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Is it possible to copy multiple lines from the Windows Command Prompt without it inserting a new line where each line reaches the end of the terminal?

For example, if I have the following line in the console:

c:\very_long_path_here\more_path_here>command_i_want_to_copy -with -some
arguments that wrap over lines.

If I select this and copy it, I will get a newline after the word 'some', which I'll have to delete manually.

Is there a way to copy the data (command that will be parsed, output that is printed) in the form it is interpreted/printed, rather than with hard-wrapped lines?

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1  
In Win 7/8 there is a clip.exe, which redirects input to clipboard. You can use it like c:\> echo your -command | clip.exe. But it's more suitable for a command output.. – week Mar 15 '13 at 10:37
    
afaik there is no built in way to do this. but maybe you can combine something like a short autoit script with clip.exe to archive your goal – weberik Mar 15 '13 at 12:41
    
since windows 10 the default behavior will wrap the line selection so no more problem – Lưu Vĩnh Phúc Jan 11 at 6:53
up vote 3 down vote accepted

The Windows Command Prompt is notoriously broken in this aspect. It is not possible to get the Linux Terminal behavior (at least for pre-Windows 10 according to Luu's comment).

However, there is an obscure feature in cmd.exe which helps: Holding down shift when right clicking into the selected area (to copy) will remove ALL newlines in the copied text.

If you want to select a single long command line (spanning multiple terminal lines) this does what you want. However, it will always remove all newlines, so it is not possible to select multiple command lines (or a script) in a sensible way.

Detailled procedure:

  • Select long command line using the left mouse button
  • Press down shift
  • Right click into the selected area (to copy)
  • Release shift
  • Now the selected text is in the copy buffer without newlines and you can for example paste it into cmd.exe again using the right mouse button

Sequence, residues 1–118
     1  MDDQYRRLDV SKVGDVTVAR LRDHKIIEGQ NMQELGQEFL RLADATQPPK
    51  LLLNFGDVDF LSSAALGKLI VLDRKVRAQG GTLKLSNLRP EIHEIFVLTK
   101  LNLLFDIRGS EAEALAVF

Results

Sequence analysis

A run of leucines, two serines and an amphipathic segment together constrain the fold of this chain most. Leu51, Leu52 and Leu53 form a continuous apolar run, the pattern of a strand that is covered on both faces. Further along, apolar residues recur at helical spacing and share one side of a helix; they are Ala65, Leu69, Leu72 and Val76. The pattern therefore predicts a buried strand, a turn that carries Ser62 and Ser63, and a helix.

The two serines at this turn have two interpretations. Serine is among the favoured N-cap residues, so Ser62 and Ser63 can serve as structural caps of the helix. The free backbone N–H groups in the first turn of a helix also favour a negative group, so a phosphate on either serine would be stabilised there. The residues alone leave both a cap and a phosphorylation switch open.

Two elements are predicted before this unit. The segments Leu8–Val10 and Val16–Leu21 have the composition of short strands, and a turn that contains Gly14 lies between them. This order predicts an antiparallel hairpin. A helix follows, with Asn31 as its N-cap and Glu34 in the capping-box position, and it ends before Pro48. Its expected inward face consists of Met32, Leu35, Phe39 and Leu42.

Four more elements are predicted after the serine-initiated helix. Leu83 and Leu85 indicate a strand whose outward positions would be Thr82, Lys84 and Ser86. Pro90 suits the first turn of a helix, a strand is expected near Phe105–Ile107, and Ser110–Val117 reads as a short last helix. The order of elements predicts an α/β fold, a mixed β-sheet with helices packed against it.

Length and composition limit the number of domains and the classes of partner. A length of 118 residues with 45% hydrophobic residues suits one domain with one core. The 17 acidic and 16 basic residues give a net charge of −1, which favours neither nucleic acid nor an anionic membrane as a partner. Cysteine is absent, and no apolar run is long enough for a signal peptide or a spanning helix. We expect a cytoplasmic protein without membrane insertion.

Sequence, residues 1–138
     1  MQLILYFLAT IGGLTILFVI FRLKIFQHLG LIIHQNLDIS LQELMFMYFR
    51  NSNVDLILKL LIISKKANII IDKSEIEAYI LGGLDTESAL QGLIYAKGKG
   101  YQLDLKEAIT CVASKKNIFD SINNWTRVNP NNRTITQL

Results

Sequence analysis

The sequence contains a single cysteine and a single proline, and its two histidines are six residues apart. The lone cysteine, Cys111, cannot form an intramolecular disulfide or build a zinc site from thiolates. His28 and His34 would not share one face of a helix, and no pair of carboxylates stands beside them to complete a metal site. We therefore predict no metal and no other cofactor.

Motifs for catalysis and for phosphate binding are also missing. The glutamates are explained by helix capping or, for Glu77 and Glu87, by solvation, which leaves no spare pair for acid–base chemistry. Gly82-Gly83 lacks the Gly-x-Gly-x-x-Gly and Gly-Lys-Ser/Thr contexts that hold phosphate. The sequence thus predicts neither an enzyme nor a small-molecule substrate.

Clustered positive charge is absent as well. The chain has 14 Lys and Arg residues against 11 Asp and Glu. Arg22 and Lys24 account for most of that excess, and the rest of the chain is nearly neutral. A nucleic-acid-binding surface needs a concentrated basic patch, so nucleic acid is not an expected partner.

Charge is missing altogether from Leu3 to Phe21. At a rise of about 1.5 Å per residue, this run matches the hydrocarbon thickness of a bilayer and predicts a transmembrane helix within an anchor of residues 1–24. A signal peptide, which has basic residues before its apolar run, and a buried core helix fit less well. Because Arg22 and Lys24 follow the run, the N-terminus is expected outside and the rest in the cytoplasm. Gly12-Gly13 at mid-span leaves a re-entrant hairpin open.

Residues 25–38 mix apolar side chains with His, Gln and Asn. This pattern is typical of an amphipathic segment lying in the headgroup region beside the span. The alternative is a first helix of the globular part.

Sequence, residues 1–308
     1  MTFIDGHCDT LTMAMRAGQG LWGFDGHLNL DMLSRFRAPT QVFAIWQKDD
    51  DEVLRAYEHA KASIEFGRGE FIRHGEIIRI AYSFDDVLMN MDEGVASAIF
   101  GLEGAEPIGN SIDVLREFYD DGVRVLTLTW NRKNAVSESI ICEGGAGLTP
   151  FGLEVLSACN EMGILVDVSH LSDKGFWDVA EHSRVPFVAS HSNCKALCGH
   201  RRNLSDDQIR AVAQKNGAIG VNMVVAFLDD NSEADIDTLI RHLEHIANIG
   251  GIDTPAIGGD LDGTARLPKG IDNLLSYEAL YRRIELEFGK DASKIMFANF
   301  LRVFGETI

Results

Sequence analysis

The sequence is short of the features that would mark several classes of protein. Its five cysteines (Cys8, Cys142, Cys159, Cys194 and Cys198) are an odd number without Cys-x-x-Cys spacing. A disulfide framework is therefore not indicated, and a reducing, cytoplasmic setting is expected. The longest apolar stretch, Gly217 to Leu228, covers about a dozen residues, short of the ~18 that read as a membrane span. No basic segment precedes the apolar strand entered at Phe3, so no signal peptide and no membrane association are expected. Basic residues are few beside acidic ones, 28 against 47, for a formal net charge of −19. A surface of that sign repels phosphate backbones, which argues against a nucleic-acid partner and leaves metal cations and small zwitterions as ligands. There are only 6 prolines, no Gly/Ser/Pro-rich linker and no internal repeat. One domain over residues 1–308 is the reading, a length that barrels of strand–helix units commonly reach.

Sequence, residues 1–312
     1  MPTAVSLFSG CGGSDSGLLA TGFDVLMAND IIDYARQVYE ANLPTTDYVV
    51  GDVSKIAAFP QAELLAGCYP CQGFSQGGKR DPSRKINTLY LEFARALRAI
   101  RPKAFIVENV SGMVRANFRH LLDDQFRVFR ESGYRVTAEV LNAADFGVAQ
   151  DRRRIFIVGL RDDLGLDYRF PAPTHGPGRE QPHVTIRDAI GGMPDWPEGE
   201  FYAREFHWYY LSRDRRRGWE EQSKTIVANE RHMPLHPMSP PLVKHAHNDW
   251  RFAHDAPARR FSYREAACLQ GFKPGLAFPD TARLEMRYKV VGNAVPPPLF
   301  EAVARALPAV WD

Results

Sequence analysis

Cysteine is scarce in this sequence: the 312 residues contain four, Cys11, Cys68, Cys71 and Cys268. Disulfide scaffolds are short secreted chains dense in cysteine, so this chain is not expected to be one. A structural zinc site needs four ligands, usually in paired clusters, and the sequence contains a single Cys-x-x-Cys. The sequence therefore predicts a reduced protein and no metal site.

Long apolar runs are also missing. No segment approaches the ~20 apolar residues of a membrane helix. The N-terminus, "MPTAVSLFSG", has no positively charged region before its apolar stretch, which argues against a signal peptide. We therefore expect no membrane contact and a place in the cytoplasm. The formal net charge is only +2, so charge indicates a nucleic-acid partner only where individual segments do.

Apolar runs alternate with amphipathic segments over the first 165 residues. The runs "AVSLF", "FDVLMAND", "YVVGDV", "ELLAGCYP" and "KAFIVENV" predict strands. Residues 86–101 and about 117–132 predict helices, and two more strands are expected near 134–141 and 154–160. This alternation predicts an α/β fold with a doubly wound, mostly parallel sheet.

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Interesting, I'd never heard of that feature. It looks like that's as good as it's going to get. I don't use windows anymore, but when I get the chance to confirm it I'll accept this answer. :-) – Adam Millerchip Oct 9 '15 at 2:32
    
since windows 10 you'll get Linux behavior by default – Lưu Vĩnh Phúc Feb 20 at 3:09
    
... so "It is not possible to get the Linux Terminal behavior" is incorrect – Lưu Vĩnh Phúc Feb 23 at 7:08
    
@Luu: Thanks for adding the info about Windows 10. But what do you mean with 'by default'? This suggests that there is an alternative behavior for pre-Windows 10 systems, which there isn't, so your comment is misleading. Also: Who is using Windows 10? (SCNR) – Johannes Overmann Feb 25 at 13:59

Another option is to open the context menu of the console window's title bar, go to Properties and make the screen buffer's width large enough that things don't wrap. (9999 appears to be the maximum value.)

If you're having to do this a lot, you can change the option in Defaults instead of Properties.

Of course, this method breaks down if the lines are longer than 9999 characters.

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1  
Nice idea, too! Less obscure to use, but less visibility. – Johannes Overmann Feb 25 at 14:01
1  
@Abraxas I've rewritten the answer in much more detail. – 1j01 Mar 4 at 5:21

Use the SET and then combine the parts in the expression. Additionally you can do for such purposes batch file or macro.

@set WAIKTools=%ProgramFiles%\WAIK\Tools\amd64
@set LabelCD=GRTMPVOL_RU

@IF "%time:~0,1%" GTR "0" SET current=%DATE:~-4%-%DATE:~3,2%-%DATE:~0,2%@%TIME:~0,2%.%TIME:~3,2%.%TIME:~6,2%
@IF "%time:~0,1%" LSS "0" SET current=%DATE:~-4%-%DATE:~3,2%-%DATE:~0,2%@0%TIME:~1,1%.%TIME:~3,2%.%TIME:~6,2%

"%WAIKTools%\oscdimg.exe" -h -m -n -l%LabelCD% -b"%cd%\boot\w32sp3.bif" "BUILD-%current%" "BUILD-%current%-ISO\%LabelCD%.ISO"
share|improve this answer
    
This answer has nothing to do with the question. Where is the copy part? Where is the Windows terminal part? – Johannes Overmann Apr 20 at 22:37

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